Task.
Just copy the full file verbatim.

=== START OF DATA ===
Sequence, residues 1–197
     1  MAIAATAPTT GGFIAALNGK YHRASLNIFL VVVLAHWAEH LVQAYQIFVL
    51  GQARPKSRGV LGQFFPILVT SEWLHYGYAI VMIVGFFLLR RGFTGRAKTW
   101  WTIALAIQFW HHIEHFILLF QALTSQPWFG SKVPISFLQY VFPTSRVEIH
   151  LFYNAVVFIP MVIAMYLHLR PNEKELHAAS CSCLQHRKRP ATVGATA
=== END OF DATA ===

Sequence, residues 1–197
     1  MAIAATAPTT GGFIAALNGK YHRASLNIFL VVVLAHWAEH LVQAYQIFVL
    51  GQARPKSRGV LGQFFPILVT SEWLHYGYAI VMIVGFFLLR RGFTGRAKTW
   101  WTIALAIQFW HHIEHFILLF QALTSQPWFG SKVPISFLQY VFPTSRVEIH
   151  LFYNAVVFIP MVIAMYLHLR PNEKELHAAS CSCLQHRKRP ATVGATA